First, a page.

This problematic appears all the more difficult when we confront the modern doctrine of contemporary moral relativism often adopted by sociologists. Starting from this, sociologists often argue that it is impossible to rely on a certainty as to what a moral act “ought to be”, without violating the famous principle called the principle of “axiological neutrality” laid down by Weber. In fact, sociology today tends more towards descriptive study which attributes to the moral fact a lesser value, within an axiological, moral and normative complex, and that too within a framework of research that may, for example, focus on “social reproduction”, “individuation” or “social integration”[16].

In fact, the philosopher tries to reflect in an abstract way on a subject, while, for his part, the sociologist must first determine whether his study will be empirical or theoretical, whether it will aim to produce a normativity of morality (based on a sociological methodology, as did Durkheim) or whether the study in question will rather consist of a description of social reality around the subject of morality. In 1960, these choices prompted Gurvitch to propose to study the “problem of the sociology of moral life”, but again, in 1970, he studied “the theoretical morality and the science of morals [mœurs]".

Despite these methodological and theoretical difficulties, the question of morality concerns researchers in the social sciences, in particular, after the emergence of the multicultural phenomenon and of religious plurality in the national state involving a plurality of moral systems. Along these lines, morality in sociology could be considered when norms and values are in conflict or when there are two orders of norms (e.g., one religious and the other social), which are based on social values, different morals, policies and religions “questioning the validity to which the norms in force claim, and shared values”[17]. From a sociological perspective, this is the option that has constituted the central point of our approach, which envisages comparing different, or sometimes opposite, moral normativities.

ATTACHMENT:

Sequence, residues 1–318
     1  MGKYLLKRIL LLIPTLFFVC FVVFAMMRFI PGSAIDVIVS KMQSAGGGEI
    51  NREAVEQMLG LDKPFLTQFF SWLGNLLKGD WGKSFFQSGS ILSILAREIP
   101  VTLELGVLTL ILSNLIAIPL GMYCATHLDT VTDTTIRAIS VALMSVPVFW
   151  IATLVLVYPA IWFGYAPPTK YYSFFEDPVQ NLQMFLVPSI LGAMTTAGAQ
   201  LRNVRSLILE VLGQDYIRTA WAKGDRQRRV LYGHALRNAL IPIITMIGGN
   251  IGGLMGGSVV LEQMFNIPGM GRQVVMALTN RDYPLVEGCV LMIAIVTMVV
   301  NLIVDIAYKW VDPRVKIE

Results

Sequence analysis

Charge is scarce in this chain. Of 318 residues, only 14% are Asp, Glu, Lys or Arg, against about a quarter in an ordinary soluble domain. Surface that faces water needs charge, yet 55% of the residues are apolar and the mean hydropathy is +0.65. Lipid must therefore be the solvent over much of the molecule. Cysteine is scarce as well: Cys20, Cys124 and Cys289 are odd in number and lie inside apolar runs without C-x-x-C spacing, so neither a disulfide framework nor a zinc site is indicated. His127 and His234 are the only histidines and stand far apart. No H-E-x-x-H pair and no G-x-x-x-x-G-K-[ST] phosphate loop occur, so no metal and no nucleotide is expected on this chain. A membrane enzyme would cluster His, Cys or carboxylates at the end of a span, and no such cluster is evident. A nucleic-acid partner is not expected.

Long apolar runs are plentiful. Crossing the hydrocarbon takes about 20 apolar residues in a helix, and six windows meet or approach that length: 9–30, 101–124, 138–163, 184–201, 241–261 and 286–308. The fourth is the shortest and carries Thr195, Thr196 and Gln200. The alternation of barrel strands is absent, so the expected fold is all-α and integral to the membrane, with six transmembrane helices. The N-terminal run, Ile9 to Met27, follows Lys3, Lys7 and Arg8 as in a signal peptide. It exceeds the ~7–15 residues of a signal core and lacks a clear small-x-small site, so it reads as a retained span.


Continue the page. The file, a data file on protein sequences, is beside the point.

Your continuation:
To put it another way, this problem around norms and values can be considered, on the one hand, from a normative perspective oriented towards “what ought to be” and, on the other hand, from a descriptive perspective aimed at describing “what is” – by giving actors the ability to interpret values and norms. However, this perspective becomes problematic for moral sociology considered “normative”, especially if we know the difference between what is moral and what is not, which is a difficult subject for sociologists who prefer “axiological neutrality”, a predominant concept, as we shall see.

Axiological neutrality and the characterization of the approach

The purpose of moral sociology is to analyze moral dimensions in social facts, as Durkheim had done to later found secular morality. Nevertheless, the question that arises is which morality and which moral system is our analysis aimed at?

Thus, it is essential to characterize our approach in order to determine precisely in which field we wish to direct our research, for example, the sociology of Islamic morality. As an example, the study of abortion will vary depending on whether one places oneself within the framework of secular morality or Islamic morality. Based on this, a moral sociology that researches abortion might involve specifying on which moral criteria it is described, evaluated and, for some sociologists, judged. However, the adoption of such a position implies the question of axiological neutrality, which comes up against a sociological perspective aiming to account for the moral fact itself.

Such a project seems challenging to achieve for sociologists wishing to adopt an axiological neutrality that remains for them the “best brake to this underlying rational moralism”[18], due to the fact that it is arduous to consider this “rational moralism” outside of normativeness[19]. Therefore, the challenge of characterizing our approach to a sociology of Islamic morality is to overcome this analytical constraint while preserving an objective stance in the analysis, because scientific impartiality in moral sociology is essential in the investigation, rather than axiological neutrality, as we will show from our case study.